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The FDA just revoked approval of the coronavirus drug that Donald Trump touted so highly

Hydroxychloroquine, the drug touted by President Trump as the potential “gamechanger” for helping those with the coronavirus, will not be used to treat COVID-19 anymore after the Food and Drug Administration revoked its emergency use status on June 15.

Though Trump has been tweeting about hydroxychloroquine, used as a treatment for malaria, since late March and though he said he took the drug for two weeks himself, it’s now been deemed as “unlikely to produce an antiviral effect,” wrote FDA chief scientist Denise Hinton in a letter announcing the decision, via Politico.

Without the prospect of a coronavirus vaccine anytime in the foreseeable future, there had been hope that hydroxychloroquine could work on COVID-19 because it had shown positive results for other coronaviruses. But despite the president’s constant trumpeting of the drug, its effects at the time were still unknown.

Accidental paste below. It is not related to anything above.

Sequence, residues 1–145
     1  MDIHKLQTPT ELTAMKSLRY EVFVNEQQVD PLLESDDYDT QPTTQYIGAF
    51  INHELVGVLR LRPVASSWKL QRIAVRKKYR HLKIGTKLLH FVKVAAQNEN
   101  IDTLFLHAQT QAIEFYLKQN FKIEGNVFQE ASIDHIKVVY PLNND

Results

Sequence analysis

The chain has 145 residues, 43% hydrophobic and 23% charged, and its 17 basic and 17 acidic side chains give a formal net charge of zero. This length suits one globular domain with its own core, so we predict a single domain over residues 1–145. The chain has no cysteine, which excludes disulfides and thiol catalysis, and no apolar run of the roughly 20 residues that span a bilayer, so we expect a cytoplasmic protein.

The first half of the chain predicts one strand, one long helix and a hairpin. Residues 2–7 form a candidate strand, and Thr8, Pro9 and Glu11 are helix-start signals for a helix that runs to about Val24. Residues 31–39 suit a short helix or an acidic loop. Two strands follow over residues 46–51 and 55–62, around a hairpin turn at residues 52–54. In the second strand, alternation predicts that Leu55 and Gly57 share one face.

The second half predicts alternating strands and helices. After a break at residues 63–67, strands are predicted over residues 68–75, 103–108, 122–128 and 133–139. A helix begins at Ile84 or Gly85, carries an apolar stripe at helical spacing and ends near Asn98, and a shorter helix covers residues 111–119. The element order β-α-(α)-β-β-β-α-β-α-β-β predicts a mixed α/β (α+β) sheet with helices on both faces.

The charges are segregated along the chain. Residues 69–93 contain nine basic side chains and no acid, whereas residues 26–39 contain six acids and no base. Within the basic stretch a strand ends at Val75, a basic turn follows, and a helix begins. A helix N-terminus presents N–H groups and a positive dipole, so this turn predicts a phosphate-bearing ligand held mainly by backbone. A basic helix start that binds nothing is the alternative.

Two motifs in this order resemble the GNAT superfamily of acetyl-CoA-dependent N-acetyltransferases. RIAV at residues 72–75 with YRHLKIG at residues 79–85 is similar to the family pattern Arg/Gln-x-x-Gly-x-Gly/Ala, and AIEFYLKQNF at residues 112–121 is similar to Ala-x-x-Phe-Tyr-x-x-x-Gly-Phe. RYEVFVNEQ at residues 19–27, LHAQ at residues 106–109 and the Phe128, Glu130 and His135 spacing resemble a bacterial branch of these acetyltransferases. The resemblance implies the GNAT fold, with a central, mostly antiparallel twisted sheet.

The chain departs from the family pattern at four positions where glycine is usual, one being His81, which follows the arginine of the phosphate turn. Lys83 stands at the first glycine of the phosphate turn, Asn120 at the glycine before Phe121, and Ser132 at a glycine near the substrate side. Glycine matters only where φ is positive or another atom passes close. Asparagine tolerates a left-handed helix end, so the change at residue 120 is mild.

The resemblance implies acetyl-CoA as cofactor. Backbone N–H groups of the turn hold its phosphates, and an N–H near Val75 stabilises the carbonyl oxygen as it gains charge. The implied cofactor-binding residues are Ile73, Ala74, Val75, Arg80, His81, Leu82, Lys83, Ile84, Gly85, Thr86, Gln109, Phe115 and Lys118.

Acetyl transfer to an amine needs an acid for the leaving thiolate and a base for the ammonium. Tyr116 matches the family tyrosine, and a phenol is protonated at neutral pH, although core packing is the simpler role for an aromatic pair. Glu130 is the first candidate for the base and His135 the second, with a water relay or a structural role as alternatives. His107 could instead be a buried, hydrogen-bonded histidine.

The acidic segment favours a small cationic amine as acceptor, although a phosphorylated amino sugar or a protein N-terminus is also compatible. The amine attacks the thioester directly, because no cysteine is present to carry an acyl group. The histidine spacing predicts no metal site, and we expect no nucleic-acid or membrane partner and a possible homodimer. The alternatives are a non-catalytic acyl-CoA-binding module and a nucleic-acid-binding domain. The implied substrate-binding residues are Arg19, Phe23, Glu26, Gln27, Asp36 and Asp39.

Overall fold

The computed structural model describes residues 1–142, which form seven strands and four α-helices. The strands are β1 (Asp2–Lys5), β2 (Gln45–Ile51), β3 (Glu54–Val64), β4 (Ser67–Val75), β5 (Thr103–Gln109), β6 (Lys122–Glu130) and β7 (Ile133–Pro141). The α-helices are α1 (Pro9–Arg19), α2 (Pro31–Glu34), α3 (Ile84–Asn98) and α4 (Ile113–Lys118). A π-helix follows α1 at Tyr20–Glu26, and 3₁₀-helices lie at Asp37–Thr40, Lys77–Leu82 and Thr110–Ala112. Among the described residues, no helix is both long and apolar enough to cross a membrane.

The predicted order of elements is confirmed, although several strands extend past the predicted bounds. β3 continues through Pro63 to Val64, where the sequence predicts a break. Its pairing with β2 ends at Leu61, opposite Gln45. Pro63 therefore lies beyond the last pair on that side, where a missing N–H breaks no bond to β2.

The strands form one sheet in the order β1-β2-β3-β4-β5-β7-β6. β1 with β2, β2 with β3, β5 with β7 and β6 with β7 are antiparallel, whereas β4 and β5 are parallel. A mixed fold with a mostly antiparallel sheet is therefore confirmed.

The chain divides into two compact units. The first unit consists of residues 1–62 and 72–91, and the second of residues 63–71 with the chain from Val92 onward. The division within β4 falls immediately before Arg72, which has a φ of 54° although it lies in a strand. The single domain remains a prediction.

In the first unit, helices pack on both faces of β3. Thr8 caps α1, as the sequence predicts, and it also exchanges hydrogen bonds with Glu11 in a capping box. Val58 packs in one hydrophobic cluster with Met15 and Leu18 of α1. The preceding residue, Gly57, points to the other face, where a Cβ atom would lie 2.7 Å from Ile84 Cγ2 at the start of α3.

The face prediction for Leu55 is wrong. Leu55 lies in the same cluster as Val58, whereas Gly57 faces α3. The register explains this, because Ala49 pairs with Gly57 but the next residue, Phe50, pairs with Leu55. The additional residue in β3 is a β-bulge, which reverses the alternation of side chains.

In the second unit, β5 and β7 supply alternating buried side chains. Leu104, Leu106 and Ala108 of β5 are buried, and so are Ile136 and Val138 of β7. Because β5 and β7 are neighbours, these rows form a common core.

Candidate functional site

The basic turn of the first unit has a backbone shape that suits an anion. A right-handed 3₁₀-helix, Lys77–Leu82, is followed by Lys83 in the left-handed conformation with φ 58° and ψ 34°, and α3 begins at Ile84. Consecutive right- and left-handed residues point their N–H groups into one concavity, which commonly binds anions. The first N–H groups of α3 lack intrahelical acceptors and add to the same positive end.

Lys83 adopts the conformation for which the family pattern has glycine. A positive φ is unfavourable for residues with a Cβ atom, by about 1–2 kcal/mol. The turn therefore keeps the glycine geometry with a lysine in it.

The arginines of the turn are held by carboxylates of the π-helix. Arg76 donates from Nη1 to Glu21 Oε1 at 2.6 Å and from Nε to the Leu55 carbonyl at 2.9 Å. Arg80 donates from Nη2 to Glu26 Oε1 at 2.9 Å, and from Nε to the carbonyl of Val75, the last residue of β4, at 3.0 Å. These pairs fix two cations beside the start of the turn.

But in April, the news turned sour and never really recovered. That month, researchers noted that hydroxychloroquine “largely failed to deliver improvements” on some “key measures,” and a few days later, it was reported that, in a study of 368 patients in U.S. veterans hospitals, 28% of those who received the drug ended up dying compared to the 11% death rate of those who were not given hydroxychloroquine.

In May, another analysis of 96,000 patients showed they also were more likely to die if given the drug, and on May 26, the World Health Organization said it was halting its hydroxychloroquine trials because of the dangerous side effects. Now, the FDA has effectively ended its use.

“FDA has concluded that, based on this new information and other information discussed in the attached memorandum, it is no longer reasonable to believe that oral formulations of [hydroxychloroquine] and [chloroquine] may be effective in treating COVID-19, nor is it reasonable to believe that the known and potential benefits of these products outweigh their known and potential risks,” Hinton wrote in her letter.

Sources: FDA, Politico, New York Times


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